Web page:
Thursday Born

The everyday life of a medical student (who was born on a Thursday).

Passing’s not enough anymore

with 3 comments

I passed! I haven’t actually gotten my quiz back, but based on my group’s consensus on what the right answers were, I definitely passed the quiz.

But I don’t understand the material well enough yet, and I need to go back over that portion  we were tested on. Passing is important because it keeps me in school, but I really need to understand all of this.

It is incredibly intimidating being in medical school without a biology degree of some sort, especially when you have classmates who can honestly say, “That lecture yesterday? I could’ve done a much better job with that material.” My science background in general is rather limited (I didn’t even take high school bio, and then I just took a few classes in college). I have several classmates in my position, but I believe we are in the minority.

I started off biochemistry on the wrong foot, and I need to fix that. No prior foundation means that it takes me longer to get through the readings. I need to really focus and think about everything or it all goes straight over my head. Studying on Wednesday it all finally started to click, because I was forcing myself to understand. Before I would open the course packet, start to read,  then quickly get lost and unwilling to push on. I can’t let myself do that anymore. The material isn’t actually difficult, it’s just dense and there’s a lot of memorizing.

And there are no shortcuts. I think that’s an important concept to enter medical school with. If you did biology or something similar, you might know this already. I knew in theory, but it’s so different experiencing it. There is an incredible volume of information that I need to learn and retain.

How did I study for the quiz? I went through all the lecture notes (which is more like lecture text), and I would have re-watched the lectures except this is the one class that isn’t available online (which really, really bothers me because it’s the class that I’m struggling with the most and would love to be able to watch more than once). I made myself pay attention while I read, by making flash cards and by going through the list of concepts she wanted us to know and making sure I actually understood them before I moved on.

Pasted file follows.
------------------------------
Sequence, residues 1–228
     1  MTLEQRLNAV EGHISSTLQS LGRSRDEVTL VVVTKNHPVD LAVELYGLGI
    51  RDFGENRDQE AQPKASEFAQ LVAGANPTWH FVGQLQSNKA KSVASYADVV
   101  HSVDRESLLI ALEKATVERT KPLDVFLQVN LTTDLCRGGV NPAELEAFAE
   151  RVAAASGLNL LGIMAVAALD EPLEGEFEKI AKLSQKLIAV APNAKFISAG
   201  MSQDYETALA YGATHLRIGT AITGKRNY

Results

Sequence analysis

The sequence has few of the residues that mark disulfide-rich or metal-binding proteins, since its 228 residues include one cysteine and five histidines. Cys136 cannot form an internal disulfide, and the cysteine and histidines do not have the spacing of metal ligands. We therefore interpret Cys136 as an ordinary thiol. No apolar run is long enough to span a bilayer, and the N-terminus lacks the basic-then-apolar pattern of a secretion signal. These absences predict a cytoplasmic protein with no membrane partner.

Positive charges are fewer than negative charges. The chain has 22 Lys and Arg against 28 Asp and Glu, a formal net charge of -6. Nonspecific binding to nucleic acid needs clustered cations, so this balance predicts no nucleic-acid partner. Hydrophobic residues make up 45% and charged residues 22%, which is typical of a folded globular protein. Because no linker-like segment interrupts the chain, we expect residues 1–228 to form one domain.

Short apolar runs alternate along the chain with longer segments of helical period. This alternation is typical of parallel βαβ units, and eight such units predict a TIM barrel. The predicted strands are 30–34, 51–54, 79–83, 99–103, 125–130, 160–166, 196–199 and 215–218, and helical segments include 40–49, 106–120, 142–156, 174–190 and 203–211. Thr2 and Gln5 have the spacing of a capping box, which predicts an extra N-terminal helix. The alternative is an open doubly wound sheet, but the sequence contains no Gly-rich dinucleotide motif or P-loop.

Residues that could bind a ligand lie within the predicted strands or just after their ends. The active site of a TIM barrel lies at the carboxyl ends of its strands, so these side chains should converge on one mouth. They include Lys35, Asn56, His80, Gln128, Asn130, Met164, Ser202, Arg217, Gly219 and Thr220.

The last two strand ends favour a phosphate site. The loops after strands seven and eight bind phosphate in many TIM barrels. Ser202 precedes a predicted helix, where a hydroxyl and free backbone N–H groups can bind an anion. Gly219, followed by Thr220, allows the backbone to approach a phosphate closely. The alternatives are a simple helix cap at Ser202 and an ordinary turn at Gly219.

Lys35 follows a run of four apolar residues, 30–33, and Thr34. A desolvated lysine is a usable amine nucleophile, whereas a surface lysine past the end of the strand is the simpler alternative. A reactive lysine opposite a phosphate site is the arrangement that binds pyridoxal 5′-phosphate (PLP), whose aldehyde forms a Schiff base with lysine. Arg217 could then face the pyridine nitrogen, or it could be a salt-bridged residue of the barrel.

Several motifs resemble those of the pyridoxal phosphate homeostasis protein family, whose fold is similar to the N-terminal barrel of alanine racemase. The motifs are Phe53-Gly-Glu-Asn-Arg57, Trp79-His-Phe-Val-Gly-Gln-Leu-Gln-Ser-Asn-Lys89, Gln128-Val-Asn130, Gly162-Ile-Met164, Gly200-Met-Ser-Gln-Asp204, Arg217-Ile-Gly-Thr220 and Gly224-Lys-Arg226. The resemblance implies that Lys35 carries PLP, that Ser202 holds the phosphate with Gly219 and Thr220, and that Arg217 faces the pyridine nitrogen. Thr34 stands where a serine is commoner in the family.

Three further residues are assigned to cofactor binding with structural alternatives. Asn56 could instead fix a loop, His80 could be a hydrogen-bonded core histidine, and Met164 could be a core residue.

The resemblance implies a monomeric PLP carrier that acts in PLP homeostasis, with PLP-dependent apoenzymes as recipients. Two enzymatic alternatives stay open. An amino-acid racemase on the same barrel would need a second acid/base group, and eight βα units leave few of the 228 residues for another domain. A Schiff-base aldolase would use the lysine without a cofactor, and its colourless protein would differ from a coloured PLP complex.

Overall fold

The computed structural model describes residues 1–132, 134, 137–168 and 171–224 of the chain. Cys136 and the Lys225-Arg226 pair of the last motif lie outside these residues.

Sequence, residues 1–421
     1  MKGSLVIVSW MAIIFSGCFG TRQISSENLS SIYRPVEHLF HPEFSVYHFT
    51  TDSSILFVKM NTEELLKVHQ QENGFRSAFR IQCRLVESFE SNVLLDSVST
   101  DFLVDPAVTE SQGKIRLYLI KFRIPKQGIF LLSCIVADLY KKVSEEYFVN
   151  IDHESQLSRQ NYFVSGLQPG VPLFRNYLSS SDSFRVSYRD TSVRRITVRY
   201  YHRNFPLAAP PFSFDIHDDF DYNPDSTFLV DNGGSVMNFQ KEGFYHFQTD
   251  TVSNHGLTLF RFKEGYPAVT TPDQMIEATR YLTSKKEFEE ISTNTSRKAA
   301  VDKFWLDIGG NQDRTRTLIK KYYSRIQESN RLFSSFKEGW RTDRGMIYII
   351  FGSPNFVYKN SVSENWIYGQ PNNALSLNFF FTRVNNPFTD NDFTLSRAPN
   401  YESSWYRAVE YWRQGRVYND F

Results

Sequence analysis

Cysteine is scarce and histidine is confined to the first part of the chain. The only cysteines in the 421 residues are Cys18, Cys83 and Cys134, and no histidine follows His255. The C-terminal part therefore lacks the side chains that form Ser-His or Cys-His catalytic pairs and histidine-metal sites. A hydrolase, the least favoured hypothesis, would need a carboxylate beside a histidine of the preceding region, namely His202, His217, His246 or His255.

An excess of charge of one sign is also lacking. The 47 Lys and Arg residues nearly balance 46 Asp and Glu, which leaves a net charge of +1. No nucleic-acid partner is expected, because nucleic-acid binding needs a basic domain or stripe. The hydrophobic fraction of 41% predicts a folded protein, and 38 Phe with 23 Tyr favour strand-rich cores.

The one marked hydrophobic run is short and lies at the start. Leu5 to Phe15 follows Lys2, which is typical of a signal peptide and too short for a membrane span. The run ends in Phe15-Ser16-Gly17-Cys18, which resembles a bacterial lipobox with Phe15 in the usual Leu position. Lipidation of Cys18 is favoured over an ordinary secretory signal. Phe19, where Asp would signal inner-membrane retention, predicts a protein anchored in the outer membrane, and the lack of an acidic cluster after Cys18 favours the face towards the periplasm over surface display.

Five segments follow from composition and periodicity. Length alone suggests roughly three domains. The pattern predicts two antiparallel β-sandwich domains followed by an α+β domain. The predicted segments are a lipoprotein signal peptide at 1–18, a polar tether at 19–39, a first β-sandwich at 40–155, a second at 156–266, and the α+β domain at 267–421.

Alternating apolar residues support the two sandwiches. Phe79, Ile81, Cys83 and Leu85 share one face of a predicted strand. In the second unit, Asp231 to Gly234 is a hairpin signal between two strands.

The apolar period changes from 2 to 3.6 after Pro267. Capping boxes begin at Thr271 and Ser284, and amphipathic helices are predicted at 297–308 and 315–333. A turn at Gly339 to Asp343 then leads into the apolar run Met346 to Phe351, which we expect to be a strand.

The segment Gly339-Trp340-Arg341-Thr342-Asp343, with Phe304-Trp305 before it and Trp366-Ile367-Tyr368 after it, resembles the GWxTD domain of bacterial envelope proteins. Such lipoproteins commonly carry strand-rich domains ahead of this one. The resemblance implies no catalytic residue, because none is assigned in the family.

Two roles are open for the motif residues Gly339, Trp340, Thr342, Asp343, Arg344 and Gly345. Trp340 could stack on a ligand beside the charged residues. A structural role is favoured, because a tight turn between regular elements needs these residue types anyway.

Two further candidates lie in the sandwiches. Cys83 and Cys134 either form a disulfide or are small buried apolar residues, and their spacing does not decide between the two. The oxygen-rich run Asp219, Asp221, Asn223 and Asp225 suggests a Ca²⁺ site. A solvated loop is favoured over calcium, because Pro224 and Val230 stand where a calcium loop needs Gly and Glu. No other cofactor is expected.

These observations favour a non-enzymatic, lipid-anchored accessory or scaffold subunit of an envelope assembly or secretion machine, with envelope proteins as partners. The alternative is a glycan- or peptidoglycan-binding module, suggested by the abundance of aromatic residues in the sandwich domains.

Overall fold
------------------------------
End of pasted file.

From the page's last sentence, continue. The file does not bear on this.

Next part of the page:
This is something I need to do earlier. I think doing this before each lecture would be the optimal situation. And then even better would be to go over the material after lecture (same day!). That would provide me with a good base from which to study from before the quizzes and the exams.

I am incredibly grateful that my first year is Pass/Fail, giving me the opportunity to finally learn how to study without worrying about grades.

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Written by Aba

September 11, 2009 at 7:48 pm

Posted in Uncategorized

3 Responses

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  1. You know, graduate school is a wake-up call like that. After being in the top tier during my undergraduate degree, I thought I’d just sort of do the same thing in post-graduate studies. Nope. I find myself working harder than I ever have in order to try and retain information and just…well…keep up. There are many, many days when I come home disappointed, but also feeling rather dumb. We’re all there.

    I know you’ll do fine. You’re smart to identify these needs early and start working on them before it’s too late to change habit.

    dorianagraye

    September 14, 2009 at 10:32 am

    • I had that first kind of wake-up call in college, the “Wow, I am surrounded by so many other smart people!” feeling. And now I’m surrounded by an even more select group of people, but I’m used to knowing I’m probably not quite the smartest and definitely not the most hard working.

      What’s new is really wanting this. Really caring that I not only pass, but that I learn. And knowing that if I don’t learn, I’m not just failing myself, but my future patients.

      I know I’ll do fine, but I need to feel the pressure. I work well under pressure. I almost wish first year was a tiny bit harder because sometimes I need that fire lit under me to really get me going. =)

      Anyway, I’m sure you’ll do fine too, and I’m glad you’re enjoying graduate school! What is graduate school in the non-sciences (and I’m including social and computer sciences as sciences) like? I know nothing about it. It’s been a long time since I’ve heavily interacted with people not doing a science or heading into professional school of some sort. Weird. I hadn’t explicitly realized that.

      thursdayborn

      September 18, 2009 at 7:12 pm

  2. In terms of *having* to learn things, it’s not much different. What *is* different, though, is the type of work we do. I read about 500 pages a week, and I have to come prepared to defend myself in small seminar classes. We engage in heavy–and sometimes explosive–debates, which is fun, but you have to think quickly on your feet to avoid being blown out of the water.

    Our work is also different. We’re writing 40 page papers to present at conferences all over the country. You know, just different professions.

    Ashley

    September 22, 2009 at 11:28 am


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